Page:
Editor Note: One of our biggest projects at Psychology’s Feminist Voices this year was the 7 video Gender Matters series. To help you ring in the new year, we offer some reflections on the filming of the series and share a special blooper reel of all the behind the scenes shenanigans. Happy 2018!
This summer, Psychology’s Feminist Voices – otherwise known as PFV – put out a series of videos that break down “gender-based analysis,” a set of methods and ideas that help us examine the hidden ways that gender influences our research in psychology. Our goal was to communicate these important ideas to budding psychologists who will shape the future of research (if we became YouTube stars in the process, then so be it). After months of research, script-writing, focus-grouping, and trimming down, we filmed all seven videos over three short winter days. With all that hard work coming to a head, those days of filming, eating, and tomfoolery passed by in a flash. So when our director Alex Fox sent this blooper reel, the memories came flooding back. Two members of our group, Shalyn Isaacs and Grace Zhang Granofsky, were inspired to write short retrospectives to accompany the reel. We hope you enjoy this little bit of insight into the filming of the series.
– Tal Davidson
Having the opportunity to be a part of the filming of the Psychology’s Feminist Voices’ Gender Matters videos was truly one of my favourite parts of the year for a number of reasons. Before joining the Psychology’s Feminist Voices research team, I had spent a lot of time contemplating: where are the women in Psychology? Where are the gender non-conforming/non-binary folks in Psychology? Where are the women of color in Psychology? And why have their stories, research, and overall contributions to the field of Psychology been pushed aside? Thankfully, many of these questions have been answered throughout my time as a research assistant with PFV and during the filming of the Gender Matters videos.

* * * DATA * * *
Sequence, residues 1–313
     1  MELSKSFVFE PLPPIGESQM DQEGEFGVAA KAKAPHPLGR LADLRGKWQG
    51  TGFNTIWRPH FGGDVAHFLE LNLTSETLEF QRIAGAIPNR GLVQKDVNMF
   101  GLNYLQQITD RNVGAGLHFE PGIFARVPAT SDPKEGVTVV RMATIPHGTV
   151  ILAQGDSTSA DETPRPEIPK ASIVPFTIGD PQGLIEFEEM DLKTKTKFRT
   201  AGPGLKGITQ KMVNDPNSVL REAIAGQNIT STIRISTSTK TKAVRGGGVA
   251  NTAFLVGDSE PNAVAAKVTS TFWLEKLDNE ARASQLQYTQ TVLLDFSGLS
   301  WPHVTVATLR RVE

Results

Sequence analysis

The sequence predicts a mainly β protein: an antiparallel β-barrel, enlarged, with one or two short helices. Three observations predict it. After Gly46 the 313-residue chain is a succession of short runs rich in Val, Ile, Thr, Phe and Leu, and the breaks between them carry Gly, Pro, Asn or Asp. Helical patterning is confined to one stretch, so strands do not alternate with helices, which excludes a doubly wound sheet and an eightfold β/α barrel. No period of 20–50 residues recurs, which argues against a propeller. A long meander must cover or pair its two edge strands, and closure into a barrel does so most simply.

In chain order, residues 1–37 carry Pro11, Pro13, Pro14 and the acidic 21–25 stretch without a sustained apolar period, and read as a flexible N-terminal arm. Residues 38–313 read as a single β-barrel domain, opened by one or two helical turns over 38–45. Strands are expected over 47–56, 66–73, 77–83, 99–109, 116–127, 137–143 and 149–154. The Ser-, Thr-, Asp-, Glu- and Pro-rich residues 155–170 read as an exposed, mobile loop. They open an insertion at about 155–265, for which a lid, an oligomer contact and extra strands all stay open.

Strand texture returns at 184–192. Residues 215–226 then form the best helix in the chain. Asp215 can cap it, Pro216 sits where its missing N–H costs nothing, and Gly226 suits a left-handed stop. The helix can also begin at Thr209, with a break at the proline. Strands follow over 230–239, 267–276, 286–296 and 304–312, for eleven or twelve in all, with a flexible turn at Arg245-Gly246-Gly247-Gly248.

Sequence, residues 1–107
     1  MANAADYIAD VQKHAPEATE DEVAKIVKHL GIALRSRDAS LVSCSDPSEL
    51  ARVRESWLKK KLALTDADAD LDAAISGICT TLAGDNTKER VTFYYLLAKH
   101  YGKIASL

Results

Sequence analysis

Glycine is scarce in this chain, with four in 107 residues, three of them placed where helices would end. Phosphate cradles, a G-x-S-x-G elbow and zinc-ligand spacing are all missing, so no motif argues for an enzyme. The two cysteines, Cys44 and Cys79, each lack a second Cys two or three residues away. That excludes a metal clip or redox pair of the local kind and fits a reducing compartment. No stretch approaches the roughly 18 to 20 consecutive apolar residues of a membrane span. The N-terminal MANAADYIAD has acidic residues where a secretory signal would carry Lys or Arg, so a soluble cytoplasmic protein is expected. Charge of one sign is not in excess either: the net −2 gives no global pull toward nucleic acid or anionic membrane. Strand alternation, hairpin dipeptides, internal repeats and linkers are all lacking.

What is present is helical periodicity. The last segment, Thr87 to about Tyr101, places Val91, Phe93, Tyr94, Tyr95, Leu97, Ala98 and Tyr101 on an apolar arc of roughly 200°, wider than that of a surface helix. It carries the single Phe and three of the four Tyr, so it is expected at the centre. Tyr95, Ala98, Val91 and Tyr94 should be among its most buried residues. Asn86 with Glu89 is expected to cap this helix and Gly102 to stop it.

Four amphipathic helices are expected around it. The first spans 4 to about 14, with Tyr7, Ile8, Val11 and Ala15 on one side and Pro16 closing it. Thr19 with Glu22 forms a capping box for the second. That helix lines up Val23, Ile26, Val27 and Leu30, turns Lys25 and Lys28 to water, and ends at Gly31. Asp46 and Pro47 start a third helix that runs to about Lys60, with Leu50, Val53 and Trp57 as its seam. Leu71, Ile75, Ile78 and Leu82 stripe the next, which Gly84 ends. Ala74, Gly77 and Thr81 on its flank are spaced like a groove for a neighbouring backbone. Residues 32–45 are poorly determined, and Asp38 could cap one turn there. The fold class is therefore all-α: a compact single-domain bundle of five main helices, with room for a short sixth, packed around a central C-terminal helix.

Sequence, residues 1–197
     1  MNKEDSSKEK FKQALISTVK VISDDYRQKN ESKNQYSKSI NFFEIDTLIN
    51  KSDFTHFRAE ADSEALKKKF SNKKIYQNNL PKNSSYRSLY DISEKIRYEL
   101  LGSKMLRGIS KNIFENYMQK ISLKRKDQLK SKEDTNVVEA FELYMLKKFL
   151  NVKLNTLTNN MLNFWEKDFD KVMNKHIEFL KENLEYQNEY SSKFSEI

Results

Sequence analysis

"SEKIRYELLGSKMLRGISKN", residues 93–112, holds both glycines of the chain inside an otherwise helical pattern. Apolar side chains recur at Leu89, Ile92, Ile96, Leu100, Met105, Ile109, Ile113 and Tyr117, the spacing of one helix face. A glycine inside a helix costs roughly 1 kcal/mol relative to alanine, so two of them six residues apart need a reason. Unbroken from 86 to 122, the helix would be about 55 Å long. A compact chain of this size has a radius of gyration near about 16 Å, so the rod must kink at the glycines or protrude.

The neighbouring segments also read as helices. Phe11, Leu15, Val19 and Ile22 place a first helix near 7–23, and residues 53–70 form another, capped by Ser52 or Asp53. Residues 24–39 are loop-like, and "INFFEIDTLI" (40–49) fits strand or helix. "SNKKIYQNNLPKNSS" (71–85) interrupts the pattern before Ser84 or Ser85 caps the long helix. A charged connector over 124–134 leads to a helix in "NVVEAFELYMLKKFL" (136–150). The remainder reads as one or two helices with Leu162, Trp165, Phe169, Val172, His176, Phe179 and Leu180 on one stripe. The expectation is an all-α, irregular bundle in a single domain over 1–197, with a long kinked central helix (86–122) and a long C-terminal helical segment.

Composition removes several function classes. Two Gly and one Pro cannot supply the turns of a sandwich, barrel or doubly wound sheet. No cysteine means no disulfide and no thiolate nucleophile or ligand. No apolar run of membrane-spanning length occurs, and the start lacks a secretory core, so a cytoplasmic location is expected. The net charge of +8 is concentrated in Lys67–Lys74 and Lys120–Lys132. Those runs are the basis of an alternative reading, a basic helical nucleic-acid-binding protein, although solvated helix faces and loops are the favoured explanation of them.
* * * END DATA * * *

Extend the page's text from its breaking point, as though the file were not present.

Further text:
I have always been a relatively shy and introverted individual. That is why it was surprising to me when I made the decision to star in a few of the Gender Matters videos – I was really stepping outside of my comfort zone. However, I soon realized that the people I volunteer with are highly encouraging, supportive, and adept at creating a welcoming environment to the point where I knew I had absolutely nothing to be worried, shy, or nervous about!
On February 24th, it was Grace Zhang, Susannah Mulvale, Meghan George, Luci Belknap and myself who were starring in the videos (and Alex Fox was there filming). It definitely felt different being in front of the camera and presenting information rather than being the viewer! There were instances where we each had to stop filming due to small mistakes, but rather than becoming frustrated, we always shared a laugh and continued to cheer one another on. It was a wonderful day getting to know my fellow PFVers a bit better.
Although I have pondered the position of women in Psychology many times before, I have never really considered how gender-based assumptions and biases influence research. Presenting in this information in the Gender Matters videos helped me to gain a greater understanding of intersectionality, the differences between sex and gender, and the impact of gender assumptions on the direction of research. There is no doubt that through these videos I have learned a lot of new concepts that I can apply when I am reading about and conducting my own psychological research. And being able to present some of this information in the videos for others to watch and learn from is an awesome feeling.